|Virtual reality came in many different forms at VRLA.|
VRLA Summer Expo wasn’t the first event from the tech fiends at Virtual Reality Los Angeles, but it was a landmark one. The one-day convention was a sell-out, bringing in 2000 people, according to founder Cosmo Scharf in his opening remarks, to Los Angeles Convention Center. For this particular venue, which is home to behemoth events like Anime Expo and E3, that’s not a lot of people. In fact, VRLA’s crowd only occupied a few rooms in the sprawling, downtown Convention Center. However, it’s a pretty impressive audience for a technology that’s not yet in the hands of the public at large. While Google Cardboard products are available for purchase, and Mattel’s VR View-Master is slated for a fall release, the much-hyped Oculus Rift isn’t slated for release until next year.
It’s only been in the past year or so that I’ve been exploring VR as a fan. I’ve been to a handful of events, including VRLA’s Proto Awards last year, and the Summer Expo was certainly the biggest and most exciting one I attended. Although the show floor was small, it was packed with everything from games to medical programs that incorporate VR technology. From cartoon battlefields to the human brain, there are a lot of places you can visit in virtual reality. Here are eight.
1. Inside a TV Show.
|Courtesy of Mirada|
I don’t watch FX series The Strain, on account of not having cable, but I stepped inside the world at VRLA. L.A.-based company Mirada created a VR companion piece for San Diego Comic-Con. While it may be available for a wide audience in the future, right now you can only try it at special events.
Andy Cochrane, Digital/Interactive Director for Mirada, refers to the project as “immersive cinema” and says that the company has been contacted by various networks and studios to develop this kind of additional media. The Strain project is a really good use of VR, in that there are surprises – including some unnerving ones – with every turn of the head. When I looked down, I saw that I was virtually standing several feet high. The depth of the scene was intense.
Right now, VR can place you inside a scene and surround you with characters who will react to your presence. However, it’s not fully interactive yet. I’m interested to see what might happen if the technology evolves to the point where you can address the characters and maybe elicit some sort of response. Maybe some day soon, we’ll be able to curse out the characters we just can’t stand.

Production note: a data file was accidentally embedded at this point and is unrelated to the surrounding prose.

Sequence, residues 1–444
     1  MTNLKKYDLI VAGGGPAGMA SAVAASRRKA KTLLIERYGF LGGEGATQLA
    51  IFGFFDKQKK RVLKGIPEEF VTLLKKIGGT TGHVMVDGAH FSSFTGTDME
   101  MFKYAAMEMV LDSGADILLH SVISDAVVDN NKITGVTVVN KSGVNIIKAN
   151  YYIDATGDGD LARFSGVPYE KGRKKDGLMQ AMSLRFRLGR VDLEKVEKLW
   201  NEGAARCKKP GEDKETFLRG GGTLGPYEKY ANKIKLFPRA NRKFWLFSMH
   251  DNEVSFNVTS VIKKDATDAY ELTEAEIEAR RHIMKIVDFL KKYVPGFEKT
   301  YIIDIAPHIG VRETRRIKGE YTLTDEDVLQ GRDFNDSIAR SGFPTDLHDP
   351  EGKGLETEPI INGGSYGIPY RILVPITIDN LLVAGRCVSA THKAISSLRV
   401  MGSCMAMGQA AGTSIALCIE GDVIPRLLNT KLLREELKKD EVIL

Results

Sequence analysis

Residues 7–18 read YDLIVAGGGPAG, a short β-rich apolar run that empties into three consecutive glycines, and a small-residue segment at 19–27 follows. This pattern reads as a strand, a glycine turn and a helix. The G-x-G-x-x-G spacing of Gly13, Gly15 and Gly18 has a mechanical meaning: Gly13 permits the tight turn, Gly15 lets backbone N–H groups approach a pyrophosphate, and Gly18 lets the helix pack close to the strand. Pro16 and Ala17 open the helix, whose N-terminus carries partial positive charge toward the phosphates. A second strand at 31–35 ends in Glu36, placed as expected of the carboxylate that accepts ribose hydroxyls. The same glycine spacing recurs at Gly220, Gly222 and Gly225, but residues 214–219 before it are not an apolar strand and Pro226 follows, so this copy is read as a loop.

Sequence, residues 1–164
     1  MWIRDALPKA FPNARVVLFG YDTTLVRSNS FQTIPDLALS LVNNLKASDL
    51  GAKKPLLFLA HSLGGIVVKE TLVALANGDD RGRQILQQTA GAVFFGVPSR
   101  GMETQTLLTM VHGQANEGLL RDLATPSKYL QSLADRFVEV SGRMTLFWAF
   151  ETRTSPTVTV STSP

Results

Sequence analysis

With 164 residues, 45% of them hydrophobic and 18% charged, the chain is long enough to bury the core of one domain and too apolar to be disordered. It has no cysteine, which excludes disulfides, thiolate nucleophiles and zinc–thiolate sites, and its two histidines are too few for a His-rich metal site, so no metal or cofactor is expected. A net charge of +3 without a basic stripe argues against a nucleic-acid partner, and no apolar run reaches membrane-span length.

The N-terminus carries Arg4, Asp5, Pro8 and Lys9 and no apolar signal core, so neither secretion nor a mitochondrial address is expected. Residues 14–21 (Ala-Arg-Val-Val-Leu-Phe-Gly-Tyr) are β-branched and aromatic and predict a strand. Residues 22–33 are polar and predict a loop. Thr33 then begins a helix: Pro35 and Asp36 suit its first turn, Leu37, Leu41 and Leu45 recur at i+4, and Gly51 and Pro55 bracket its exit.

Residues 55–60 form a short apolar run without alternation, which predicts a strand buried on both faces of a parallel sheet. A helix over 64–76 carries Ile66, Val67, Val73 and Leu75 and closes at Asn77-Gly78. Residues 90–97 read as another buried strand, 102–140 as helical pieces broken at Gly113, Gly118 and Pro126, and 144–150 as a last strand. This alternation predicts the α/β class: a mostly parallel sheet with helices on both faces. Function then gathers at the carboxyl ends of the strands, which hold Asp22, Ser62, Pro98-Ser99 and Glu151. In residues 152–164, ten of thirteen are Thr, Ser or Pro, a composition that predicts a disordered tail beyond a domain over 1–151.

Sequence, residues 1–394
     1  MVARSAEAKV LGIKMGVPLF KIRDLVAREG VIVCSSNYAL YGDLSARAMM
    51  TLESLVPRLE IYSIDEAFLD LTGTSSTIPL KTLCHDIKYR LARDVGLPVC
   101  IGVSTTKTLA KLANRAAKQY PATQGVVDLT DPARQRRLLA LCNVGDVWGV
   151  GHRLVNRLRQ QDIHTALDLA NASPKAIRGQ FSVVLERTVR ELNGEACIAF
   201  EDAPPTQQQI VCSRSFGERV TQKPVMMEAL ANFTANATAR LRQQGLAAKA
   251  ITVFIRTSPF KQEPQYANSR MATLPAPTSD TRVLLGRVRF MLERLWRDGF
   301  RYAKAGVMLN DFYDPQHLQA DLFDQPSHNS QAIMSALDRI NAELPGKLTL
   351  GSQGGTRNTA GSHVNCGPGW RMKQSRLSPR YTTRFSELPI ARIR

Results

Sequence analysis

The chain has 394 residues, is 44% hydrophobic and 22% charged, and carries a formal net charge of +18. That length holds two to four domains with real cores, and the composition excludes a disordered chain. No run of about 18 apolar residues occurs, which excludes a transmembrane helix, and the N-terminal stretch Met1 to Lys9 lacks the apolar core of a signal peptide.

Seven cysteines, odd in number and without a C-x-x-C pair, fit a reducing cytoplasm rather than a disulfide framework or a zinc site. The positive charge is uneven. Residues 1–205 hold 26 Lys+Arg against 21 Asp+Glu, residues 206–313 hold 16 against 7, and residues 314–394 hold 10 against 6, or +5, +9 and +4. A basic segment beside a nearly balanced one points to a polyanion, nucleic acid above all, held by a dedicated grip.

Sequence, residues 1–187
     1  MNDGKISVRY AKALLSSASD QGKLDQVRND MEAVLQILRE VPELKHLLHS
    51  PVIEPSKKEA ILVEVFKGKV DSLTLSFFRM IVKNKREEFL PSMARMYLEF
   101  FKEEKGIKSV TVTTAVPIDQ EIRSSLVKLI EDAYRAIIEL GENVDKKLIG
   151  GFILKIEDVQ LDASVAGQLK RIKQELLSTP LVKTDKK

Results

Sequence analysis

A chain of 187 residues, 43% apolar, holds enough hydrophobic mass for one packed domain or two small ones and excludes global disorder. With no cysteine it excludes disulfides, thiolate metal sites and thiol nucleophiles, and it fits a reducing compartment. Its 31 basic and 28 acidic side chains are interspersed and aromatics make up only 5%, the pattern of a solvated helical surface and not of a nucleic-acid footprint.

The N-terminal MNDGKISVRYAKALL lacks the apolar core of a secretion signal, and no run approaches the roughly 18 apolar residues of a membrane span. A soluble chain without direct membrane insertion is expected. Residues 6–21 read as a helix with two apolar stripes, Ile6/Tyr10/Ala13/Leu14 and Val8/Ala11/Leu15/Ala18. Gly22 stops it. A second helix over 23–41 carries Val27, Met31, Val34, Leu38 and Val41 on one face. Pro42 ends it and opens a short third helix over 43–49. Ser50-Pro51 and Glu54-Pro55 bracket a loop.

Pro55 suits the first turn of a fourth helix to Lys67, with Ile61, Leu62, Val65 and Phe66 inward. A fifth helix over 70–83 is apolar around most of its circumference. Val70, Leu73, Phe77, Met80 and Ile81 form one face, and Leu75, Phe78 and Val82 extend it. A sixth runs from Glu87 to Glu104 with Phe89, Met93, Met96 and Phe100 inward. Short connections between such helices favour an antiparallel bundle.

2. A Personal Space You Share With Friends.
Beloola is a French company that is bringing social media into the world of virtual reality. Through their site, you make an avatar and build your own room, customizing it with your favorite content and access to your preferred social networks. You can chat with friends, enjoy anything from YouTube videos to sporting events together. “It’s much more engaging,” says Samuel Mound, the company’s product and marketing manager. “It makes sense for being together in the same space.”
The platform is already available, although not in the virtual reality form. I went through a basic demo and want to spend a little more time with this. Personally, I can’t wait to spend quality time in with faraway friends in a virtual living room watching weirdo Internet videos.
3. Hang Out With a Band Inside Their Music Video.
Galvanized Soul is a band from Ventura County, not far from Los Angeles, who recently put out a virtual reality music video for their song “New Generation.” It’s definitely not like any clip that existed back in the heyday of MTV. If you stare straight forward, you see the band members engage in a variety of different situations. Look around, though, and you’ll start to see the behind-the-scenes view.
“Doing this video is very different,” says Galvanized Souls bassist Matthew Demartini. “The director has to turn on the camera and blow whistles to sync all the cameras and run off-set and hope for the best.”
While VR videos aren’t practical choices for bands, I can’t help but get excited for the possibilities this has for music marketing. The 13-year-old Depeche Mode fanatic in me would have freaked out over the chance to feel like I was on the set for videos like “Personal Jesus” and “Enjoy the Silence.”
4. Fight on a Cartoon Battlefield
World War Toons isn’t a typical first-person shooter game. The art style is cartoon-y and not overly gory. There are visual gags galore. Also, it’s in virtual reality. The game, which has been in development for a little over a year, will allow players to play with each other online, in VR, when it’s released.